Someday I might buy a motorcycle. Not now, but maybe when our kids are grown and don’t need me as much. And when Cindy has endured me enough for one lifetime. Yes, I secretly admire motorcycles. I’ve never been one who willingly seeks adventure, but a part of me imagines the thrill of an open freeway at 70 mph. (I likely wouldn’t go much faster.) I haven’t been on a bike, though, since that fateful day when I was 5.
A couple weeks ago Cindy went out of town for a few days. She took Micah with her, so it was just me and the girls. There are several things you realize when your wife is gone for a while. Now, I’m a pretty good cook, so it wasn’t like we’d starve.
Before I’d turned sixteen my dad bought me a car. Now, I wasn’t one of those rich kids whose parents spoiled me with a brand new car. No, no, this car was not a status symbol to cruise around the high school parking lot. It was merely a mode of transportation. At least, that was usually the idea—that it would get me from one place to the next. This didn’t always work out.
I was listening to a sermon podcast a few months ago and made note of something not only eye-opening for the mind but the heart. There’s so much we don’t understand about Scripture because we don’t know the context. Mark Driscoll points out something I’d never noticed, the vinegar sponge offered to Jesus.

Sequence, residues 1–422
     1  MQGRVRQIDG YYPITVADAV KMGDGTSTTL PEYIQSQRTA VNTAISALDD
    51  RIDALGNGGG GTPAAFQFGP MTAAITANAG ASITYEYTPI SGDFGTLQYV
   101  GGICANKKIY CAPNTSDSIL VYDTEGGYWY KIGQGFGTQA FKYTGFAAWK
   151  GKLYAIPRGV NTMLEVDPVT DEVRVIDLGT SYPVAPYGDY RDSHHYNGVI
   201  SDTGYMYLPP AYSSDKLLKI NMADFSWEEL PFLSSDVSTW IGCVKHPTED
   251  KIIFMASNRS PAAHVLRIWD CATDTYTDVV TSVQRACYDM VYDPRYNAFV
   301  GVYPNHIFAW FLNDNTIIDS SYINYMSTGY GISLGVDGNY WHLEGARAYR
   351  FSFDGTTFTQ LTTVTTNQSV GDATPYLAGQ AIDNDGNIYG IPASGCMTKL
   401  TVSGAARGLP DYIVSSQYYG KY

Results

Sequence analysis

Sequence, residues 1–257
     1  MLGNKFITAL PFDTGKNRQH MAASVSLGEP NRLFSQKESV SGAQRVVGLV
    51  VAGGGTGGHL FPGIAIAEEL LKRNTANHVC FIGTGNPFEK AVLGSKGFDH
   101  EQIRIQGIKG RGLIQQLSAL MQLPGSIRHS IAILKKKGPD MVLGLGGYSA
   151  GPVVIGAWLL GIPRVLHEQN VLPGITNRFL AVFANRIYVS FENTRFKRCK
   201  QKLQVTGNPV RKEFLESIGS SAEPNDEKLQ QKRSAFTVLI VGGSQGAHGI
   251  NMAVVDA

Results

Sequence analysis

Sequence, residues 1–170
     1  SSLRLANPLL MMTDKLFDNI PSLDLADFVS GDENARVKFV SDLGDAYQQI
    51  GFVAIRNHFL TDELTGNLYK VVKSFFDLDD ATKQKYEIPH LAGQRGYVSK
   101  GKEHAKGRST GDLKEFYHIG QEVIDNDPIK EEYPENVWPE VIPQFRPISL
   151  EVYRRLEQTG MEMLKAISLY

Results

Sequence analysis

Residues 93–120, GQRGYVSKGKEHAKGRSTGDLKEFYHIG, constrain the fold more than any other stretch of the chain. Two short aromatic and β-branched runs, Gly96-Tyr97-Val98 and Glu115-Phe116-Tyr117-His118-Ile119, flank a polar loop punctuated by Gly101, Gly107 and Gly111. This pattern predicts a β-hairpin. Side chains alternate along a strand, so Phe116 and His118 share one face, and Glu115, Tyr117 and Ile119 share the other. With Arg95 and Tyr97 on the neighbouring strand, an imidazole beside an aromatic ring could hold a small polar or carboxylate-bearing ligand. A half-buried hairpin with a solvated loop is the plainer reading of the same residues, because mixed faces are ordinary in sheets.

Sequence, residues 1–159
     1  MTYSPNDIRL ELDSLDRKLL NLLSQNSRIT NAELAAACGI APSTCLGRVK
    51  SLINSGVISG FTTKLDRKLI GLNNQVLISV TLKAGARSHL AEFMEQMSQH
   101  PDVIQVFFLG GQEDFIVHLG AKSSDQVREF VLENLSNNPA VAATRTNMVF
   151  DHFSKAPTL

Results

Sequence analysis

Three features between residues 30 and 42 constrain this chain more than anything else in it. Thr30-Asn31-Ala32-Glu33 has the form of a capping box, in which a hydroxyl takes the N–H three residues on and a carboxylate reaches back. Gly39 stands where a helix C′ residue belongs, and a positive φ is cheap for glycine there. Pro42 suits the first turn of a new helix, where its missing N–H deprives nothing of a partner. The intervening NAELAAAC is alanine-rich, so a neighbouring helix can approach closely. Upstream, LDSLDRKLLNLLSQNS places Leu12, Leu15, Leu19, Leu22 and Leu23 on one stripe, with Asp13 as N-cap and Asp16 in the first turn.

I’ve caught myself staring at Jacque this past week, contemplating how much more grown up she’s appearing and how much more she’s resembling Cindy. I’ve been mesmerized by her chocolate eyes and thinking soon a boy about her age will find himself lost in those same eyes. I’m not sure how I feel about this enlightenment, though hopefully because of our close relationship she’s been developing standards set by me her father.
This week’s post is quite practical and may not be up your alley at all, but hear me out. If you’re reading me here on the Internet—where else would you be?—then you’re taking in information; whether it’s of value or not is up to you. What do we do with the information we absorb? Like a sponge we can become bloated both with what should be kept and what should be wrung out. How do we hold on to what’s worth keeping? Here are some ideas.